From the Editor-in-Chief
More basic research is needed to understand how various alterations in genes lead to cancers.
by William G. Nelson, MD, PhD
How can Vice President Joe Biden's "Moonshot" initiative make true progress against cancer?
by Kevin McLaughlin
Putting the Immune System in Overdrive | Weighty Matters | A Blood Test for Cancer | Melanoma Risk Increased in Some Lymphoma Survivors | Aspirin Recommended to Reduce Colorectal Cancer Risk | Fine-Tuning Treatments for Triple-Negative Breast Cancer | Don't Get Burned
Your Cancer Guide
Complementary and alternative medicine (CAM) can supplement, but not replace, established cancer treatments.
by Hester Hill Schnipper
Caregiving With Confidence
Follow these tips for keeping your sense of self despite a shift in responsibilities.
by Carly O'Brien
Make the most of email, text messages, Twitter and patient portals.
by Ide Mills
Pain is no gain for patients during or after cancer treatment.
by Sue Rochman
A metastatic melanoma survivor is hopeful but realistic as new treatments become available.
by Jenny Song
Studies focused on individuals rather than large numbers of people can help some patients while advancing knowledge.
by Stephen Ornes
High-deductible health insurance plans can leave cancer patients scrambling to pay the bills for tests and treatments.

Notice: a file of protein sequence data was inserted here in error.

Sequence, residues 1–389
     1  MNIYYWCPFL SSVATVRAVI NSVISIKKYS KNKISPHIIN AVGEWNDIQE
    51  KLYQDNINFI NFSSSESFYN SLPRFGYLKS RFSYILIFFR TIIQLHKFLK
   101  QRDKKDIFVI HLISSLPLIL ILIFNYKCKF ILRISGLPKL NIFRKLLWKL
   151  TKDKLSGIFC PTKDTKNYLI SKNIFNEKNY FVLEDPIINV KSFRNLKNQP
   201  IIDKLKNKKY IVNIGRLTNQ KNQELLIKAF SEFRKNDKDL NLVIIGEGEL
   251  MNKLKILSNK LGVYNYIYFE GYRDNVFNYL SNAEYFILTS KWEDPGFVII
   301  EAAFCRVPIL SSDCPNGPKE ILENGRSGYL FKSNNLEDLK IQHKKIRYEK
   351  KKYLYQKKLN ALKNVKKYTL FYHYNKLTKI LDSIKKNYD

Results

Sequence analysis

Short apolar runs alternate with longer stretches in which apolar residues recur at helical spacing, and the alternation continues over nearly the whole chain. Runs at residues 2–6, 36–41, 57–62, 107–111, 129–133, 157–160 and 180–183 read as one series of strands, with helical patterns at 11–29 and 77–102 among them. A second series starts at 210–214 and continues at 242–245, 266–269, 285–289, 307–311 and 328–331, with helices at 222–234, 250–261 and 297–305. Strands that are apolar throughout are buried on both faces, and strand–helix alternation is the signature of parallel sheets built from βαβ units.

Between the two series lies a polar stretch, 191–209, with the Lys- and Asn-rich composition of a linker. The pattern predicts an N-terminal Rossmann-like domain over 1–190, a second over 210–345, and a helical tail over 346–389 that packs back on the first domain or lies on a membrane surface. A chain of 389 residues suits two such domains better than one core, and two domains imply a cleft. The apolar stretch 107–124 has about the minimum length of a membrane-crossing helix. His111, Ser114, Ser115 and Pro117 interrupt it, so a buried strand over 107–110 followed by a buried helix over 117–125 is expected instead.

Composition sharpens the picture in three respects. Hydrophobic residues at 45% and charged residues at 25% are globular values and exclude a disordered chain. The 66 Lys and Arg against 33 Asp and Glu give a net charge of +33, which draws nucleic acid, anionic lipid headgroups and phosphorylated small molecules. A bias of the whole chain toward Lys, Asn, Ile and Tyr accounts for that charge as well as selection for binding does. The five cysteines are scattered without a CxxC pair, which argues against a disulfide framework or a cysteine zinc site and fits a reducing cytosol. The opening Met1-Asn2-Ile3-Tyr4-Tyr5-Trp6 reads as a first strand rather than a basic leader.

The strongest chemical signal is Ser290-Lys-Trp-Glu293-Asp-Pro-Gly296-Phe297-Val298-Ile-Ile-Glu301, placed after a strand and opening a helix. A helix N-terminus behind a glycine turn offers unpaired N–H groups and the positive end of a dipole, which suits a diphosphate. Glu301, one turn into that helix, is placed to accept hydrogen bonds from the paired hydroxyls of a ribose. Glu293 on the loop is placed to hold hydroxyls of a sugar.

by Charlotte Huff
What's The Beef? | Less Stress
Cancer exercise specialist and survivor Julie Goodale offers tips for staying active during and after treatment.
by Ronni Gordon
When a family member wants to stop treatment, addressing post-treatment anxiety and sadness, and considering a clinical trial.
Give patients and their families a break from cancer.
by Maria Wolf
Colleen Bokor, Dana Stewart, Brittany Avin.
Cancer patient advocates who review research proposals can provide valuable perspective.
by Bob Riter, Monica Vakiner and Carole Baas
Research shows prominent cancer hospitals have different surgical outcomes than their affiliates.
by Marci A. Landsmann
A small study shows that keeping ice chips in the mouth during oxaliplatin chemotherapy may prevent cold sensitivity, a common oral side effect.
by Anna Azvolinsky
Nearly six years after being diagnosed with stage IV colon cancer, disaster psychologist Jamie Aten is still learning new ways of coping with the trauma stemming from his diagnosis and treatment.
by Jamie Aten
The Philadelphia Science Festival offered kids and their families the opportunity to learn about science.
The U.S. Food and Drug Administration has approved new therapies for bladder, lung and kidney cancer.
Exposure to environmental carcinogens is a modifiable factor linked to cancer.
A Lesson in Service
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